What I did not do is tell the parent to complain at a board meeting. People have the right to voice concerns at board meetings, but going to a board meeting is not the best way to have concerns addressed and addressed quickly. Starting with the teacher and school administration is the best approach.

In fourth grade, students study Indiana history. Typically students complete a famous Hoosier project. I did this assignment when I was in fourth grade, and my twin sons completed the assignment when they were in fourth grade last school year. My sons were given a list of 65 Hoosiers to choose from. On the list, one person was Native American, eight were Black, and the rest, 56 people, were white. Only ten people were female. As a parent of two Black boys, I wanted them to have a more diverse list to choose from. As an educator, I wanted my sons’ classmates, whether they were Black or not, to learn that there are many Hoosiers that exude excellence—and they are not always white males.

I raised the concern with their teacher, and I sent in a list of additions. The list was shared by the teacher to the entire fourth grade team and the teachers said they would update the list for the upcoming school year. I was also given the option to have my sons choose a person not on the list. They had chosen to research Mark Honeywell and Orville Redenbacher. My husband and I ultimately chose to have them stick with the men they had chosen because they were interested in their accomplishments. We exposed them to other famous Hoosiers on our own time.

As a parent, my purpose was to seek understanding and work with the teacher and not attack. Unfortunately, some parents will be in attack mode because they do not understand equity work, social-emotional learning, critical race theory, and culturally responsive teaching. Teachers need to have a clear understanding of those concepts in case they need to explain them to parents.

Resources have already been developed to support parents in voicing concerns. The Millstone, which is a blog that focuses mostly on Hamilton Southeastern Schools in Fishers, Indiana, has provided a template for parents to use to send a letter to their children’s teachers. One request this letter includes is, “please provide a lesson plan for my review if there will be class content, discussion, or assignments related to: race, gender, gender identity, or LGBT issues, sexuality, equity.” This is where school administration needs to be proactive.

School administrators need to make it clear how concerns of this nature will be addressed and how the school administrators will support teachers when concerns are raised. There is nothing worse than having parent pushback and no principal support when pushback occurs.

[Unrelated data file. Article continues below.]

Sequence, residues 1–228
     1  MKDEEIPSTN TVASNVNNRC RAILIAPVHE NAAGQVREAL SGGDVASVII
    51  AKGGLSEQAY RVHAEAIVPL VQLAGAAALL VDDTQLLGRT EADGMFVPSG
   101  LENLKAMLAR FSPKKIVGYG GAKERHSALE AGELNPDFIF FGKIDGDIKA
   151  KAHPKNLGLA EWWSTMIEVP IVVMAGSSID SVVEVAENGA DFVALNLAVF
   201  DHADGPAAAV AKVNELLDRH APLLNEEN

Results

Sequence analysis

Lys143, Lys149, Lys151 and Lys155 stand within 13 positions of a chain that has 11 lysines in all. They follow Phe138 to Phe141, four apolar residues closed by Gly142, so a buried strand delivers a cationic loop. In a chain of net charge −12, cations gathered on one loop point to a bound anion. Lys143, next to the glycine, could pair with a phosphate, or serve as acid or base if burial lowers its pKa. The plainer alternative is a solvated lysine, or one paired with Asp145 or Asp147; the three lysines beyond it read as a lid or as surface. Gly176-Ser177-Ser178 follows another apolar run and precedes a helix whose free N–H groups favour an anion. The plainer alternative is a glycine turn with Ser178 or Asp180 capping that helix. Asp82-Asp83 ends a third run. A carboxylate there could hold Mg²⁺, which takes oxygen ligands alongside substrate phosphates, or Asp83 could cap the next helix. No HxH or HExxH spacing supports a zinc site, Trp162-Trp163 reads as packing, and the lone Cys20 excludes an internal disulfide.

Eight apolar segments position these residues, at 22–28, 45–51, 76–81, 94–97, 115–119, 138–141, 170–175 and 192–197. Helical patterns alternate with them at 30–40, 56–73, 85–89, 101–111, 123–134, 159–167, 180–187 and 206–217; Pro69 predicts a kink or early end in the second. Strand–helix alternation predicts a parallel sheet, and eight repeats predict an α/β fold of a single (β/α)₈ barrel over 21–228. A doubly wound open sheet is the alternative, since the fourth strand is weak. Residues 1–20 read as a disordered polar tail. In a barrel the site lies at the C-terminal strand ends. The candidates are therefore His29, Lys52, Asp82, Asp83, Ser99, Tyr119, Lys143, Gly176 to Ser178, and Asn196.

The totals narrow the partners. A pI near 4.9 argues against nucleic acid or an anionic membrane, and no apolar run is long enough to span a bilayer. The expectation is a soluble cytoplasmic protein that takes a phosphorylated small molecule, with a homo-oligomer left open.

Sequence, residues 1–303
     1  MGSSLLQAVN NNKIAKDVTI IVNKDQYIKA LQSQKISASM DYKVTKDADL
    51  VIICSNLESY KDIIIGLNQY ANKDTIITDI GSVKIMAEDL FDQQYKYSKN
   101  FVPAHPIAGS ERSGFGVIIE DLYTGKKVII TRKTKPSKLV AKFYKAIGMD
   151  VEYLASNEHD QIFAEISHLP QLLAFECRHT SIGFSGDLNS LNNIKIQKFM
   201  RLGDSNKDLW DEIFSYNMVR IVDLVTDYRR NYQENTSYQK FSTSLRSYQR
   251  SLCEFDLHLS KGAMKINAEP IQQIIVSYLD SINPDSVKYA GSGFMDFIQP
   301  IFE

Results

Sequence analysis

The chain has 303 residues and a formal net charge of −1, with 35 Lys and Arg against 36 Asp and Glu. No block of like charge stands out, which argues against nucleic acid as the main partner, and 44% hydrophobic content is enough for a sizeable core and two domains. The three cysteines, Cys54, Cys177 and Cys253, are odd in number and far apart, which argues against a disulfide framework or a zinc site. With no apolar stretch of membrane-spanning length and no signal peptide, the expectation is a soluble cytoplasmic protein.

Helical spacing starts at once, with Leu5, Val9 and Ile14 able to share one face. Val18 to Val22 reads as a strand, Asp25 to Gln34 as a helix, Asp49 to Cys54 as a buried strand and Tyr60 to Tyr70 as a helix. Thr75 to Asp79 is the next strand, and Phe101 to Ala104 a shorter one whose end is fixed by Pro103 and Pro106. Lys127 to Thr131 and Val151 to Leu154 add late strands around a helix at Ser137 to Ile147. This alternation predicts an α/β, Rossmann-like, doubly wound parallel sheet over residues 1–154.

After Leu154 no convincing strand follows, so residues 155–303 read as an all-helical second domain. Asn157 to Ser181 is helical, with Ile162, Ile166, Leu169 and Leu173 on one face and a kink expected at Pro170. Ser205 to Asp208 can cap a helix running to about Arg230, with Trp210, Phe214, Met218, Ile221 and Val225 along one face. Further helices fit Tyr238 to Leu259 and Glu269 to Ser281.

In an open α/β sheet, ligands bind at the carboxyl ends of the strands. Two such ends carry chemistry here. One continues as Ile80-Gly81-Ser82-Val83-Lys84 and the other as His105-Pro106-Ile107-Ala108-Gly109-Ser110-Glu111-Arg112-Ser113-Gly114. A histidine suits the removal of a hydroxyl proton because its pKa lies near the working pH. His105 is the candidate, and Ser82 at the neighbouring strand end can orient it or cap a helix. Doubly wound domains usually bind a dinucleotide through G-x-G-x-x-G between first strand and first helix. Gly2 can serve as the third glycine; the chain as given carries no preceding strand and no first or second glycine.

It is a shame that equity—ensuring every child gets what they need—has come under attack.

It is a shame that social-emotional learning is being challenged when there is a pandemic and teachers and students need strategies to cope.

It is a shame that some parents are concerned about racism and race being talked about in the classroom while learning academic standards. It does not hurt for all children to learn about the difficulties people of all races have faced as well as their triumphs and successes.

In his book “Classroom Assessment: What Teachers Need to Know,” author W. James Popham states,

The more tolerant and accepting students are towards members of other ethic, gender, national, racial, or religious groups, the more likely those students will behave properly towards such individuals in the future.

Teachers should not be penalized for wanting this outcome for all students. Having a more inclusive education — while covering standards — allows students to better understand history, relate to others who are different than them, and hopefully grow up into adults who will make a great impact in our world.

Parent pushback is not new. It just has gotten more intense right now. As long as teachers and school administrators are proactive, teachers should not worry about what they are teaching as long as they are covering the skills in the academic standards.

This post originally appeared on Indy K12.
Shawnta S. Barnes

Shawnta is a married mother of identical twin boys. As an Indiana native, she attended school in two Indianapolis school districts; she attended Indianapolis Public Schools for two years and completed her education in Lawrence Township Schools. Her sons entered kindergarten during the 2016-2017 school year, so she not only navigates Indianapolis schools from the educator's perspective but also ...